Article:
Wednesday, September 30, 2015

Mobile Backend as a Service (MBaaS)

Mobile Backend as a service (MBaaS), also known as "backend as a service" (BaaS), is a model for providing web and mobile app developers with a way to link their applications to backend cloud storage and APIs exposed by back end applications while also providing features such as user management, push notifications, and integration with social networking services. These services are provided via the use of custom software development kits (SDKs) and application programming interfaces (APIs). Backend as a Service also refered as “turn-on infrastructure” for mobile and web apps.
BaaS providers tend to fall into one of two categories: consumer BaaS or enterprise BaaS. The former focuses largely on “lighter-weight” brand apps (and games), whereas the latter centers on mobilizing sensitive, business-critical data from enterprise systems. As a whole, BaaS providers are disrupting the on-premise “Mobile Enterprise Application Platform,” or MEAP, category, while providing a lot more turn-key functionality for your mobile strategy than traditional API management and Platform as a Service vendors.
Web and mobile apps require a similar set of features on the backend, including push notifications, integration with social networks, and cloud storage. Each of these services has its own API that must be individually incorporated into an app, a process that can be time-consuming and complicated for app developers. BaaS providers form a bridge between the frontend of an application and various cloud-based backends via a unified API and SDK.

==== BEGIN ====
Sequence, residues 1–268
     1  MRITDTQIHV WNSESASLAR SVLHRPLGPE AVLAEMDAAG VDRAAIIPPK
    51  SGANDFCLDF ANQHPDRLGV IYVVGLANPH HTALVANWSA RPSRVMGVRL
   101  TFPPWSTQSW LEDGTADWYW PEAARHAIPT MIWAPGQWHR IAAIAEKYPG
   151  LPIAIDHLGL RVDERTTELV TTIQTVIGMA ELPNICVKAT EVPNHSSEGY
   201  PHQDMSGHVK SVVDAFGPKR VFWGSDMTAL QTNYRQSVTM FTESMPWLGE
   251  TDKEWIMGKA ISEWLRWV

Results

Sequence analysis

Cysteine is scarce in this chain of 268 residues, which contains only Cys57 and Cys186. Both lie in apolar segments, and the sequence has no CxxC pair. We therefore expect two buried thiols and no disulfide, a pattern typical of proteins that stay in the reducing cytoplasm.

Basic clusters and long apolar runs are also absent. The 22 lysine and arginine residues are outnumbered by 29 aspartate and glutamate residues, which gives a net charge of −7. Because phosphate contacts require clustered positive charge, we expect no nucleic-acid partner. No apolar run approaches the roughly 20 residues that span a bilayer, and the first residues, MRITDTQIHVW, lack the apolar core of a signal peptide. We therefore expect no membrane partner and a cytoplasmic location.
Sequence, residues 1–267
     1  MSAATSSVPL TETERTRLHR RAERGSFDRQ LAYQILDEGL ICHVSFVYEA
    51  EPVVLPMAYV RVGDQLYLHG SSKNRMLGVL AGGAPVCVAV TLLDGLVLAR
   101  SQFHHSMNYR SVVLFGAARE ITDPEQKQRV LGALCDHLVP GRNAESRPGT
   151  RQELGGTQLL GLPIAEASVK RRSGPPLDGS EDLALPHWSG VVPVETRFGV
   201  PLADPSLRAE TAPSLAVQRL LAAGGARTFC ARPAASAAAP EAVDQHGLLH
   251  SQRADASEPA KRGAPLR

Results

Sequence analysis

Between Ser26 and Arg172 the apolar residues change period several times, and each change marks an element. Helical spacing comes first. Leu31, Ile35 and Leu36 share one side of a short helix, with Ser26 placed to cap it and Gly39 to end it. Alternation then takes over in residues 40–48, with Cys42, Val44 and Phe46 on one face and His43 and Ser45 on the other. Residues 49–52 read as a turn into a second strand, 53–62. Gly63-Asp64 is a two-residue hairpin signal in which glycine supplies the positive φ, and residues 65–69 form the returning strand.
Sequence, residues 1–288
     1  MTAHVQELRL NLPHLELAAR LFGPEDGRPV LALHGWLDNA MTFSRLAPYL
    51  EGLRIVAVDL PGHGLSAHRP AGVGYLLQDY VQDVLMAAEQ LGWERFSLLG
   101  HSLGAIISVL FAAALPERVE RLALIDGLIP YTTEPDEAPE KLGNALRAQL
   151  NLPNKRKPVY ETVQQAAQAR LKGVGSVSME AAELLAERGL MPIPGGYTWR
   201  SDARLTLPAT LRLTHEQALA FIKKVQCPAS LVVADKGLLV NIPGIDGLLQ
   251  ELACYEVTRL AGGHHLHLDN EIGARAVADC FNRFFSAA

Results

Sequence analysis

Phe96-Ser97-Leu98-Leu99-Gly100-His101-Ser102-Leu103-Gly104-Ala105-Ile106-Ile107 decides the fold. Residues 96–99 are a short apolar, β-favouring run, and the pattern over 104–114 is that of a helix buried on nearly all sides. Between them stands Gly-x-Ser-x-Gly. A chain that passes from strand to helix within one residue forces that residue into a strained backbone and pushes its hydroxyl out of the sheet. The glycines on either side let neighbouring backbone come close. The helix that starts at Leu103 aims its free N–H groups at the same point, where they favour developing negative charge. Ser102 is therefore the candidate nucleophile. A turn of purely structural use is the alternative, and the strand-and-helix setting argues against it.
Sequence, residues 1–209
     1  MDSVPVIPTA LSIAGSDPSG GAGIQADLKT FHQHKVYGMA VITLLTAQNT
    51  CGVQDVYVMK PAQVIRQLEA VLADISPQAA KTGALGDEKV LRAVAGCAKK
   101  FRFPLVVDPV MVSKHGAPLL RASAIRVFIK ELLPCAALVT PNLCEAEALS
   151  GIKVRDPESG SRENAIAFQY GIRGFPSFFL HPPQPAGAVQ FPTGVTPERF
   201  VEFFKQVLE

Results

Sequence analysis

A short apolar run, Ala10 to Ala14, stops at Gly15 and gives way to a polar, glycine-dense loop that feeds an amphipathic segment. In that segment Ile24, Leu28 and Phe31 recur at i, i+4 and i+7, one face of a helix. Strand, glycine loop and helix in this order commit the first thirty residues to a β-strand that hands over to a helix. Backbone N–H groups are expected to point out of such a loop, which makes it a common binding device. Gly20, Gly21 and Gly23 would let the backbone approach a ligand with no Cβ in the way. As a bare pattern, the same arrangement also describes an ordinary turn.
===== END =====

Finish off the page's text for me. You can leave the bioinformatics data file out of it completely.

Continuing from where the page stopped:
Providing a consistent way to manage backend data means that developers do not need to redevelop their own backend for each of the services that their apps need to access, potentially saving both time and money.
Although similar to other cloud-computing developer tools, such as software as a service (SaaS), infrastructure as a service (IaaS), and platform as a service (PaaS), BaaS is distinct from these other services in that it specifically addresses the cloud-computing needs of web and mobile app developers by providing a unified means of connecting their apps to cloud services.

Thursday, September 10, 2015

Compress LOB data in the database

SQL Server stores the data in regular B-Tree indexes in three different sets of the data pages called allocation units. The main data row structure and fixed-length data are stored in IN-ROW data pages. Variable-length data greater than 8,000 bytes in size is stored in LOB (large object) pages. Such data includes (max) columns, XML, CLR UDT and a few other data types. Finally, variable-length data, which does not exceed 8,000 bytes, is stored either in IN-ROW data pages when it fits into the page, or in ROW-OVERFLOW data pages.

Enterprise Edition of SQL Server allows you to reduce the size of the data by implementing data compression. However, data compression is applied to IN-ROW data only and it does not compress ROW-OVERFLOW and LOB data. Any large objects that do not fit into IN-ROW data pages remain uncompressed.

The approach to address such an overhead is manually compress LOB data in the code. You can create the methods to compress and decompress data utilizing one of the classes from System.IO.Compression namespace, for example using GZipStream or DeflateStream classes. Moreover, that method could be implemented in CLR stored procedures and used directly in T-SQL code. The drawback to this approach, compression is CPU intensive. It is better to run such code on the client whenever it is possible. The second important consideration is performance. Obviously, decompression adds an overhead, which you would like to avoid on the large scope.

Compressing LOB data in the database could help you to significantly reduce the database size in the large number of cases. However, it adds an overhead of compressing and decompressing data. In some cases, such overhead would be easily offset by the smaller data size, less I/O and buffer pool usage.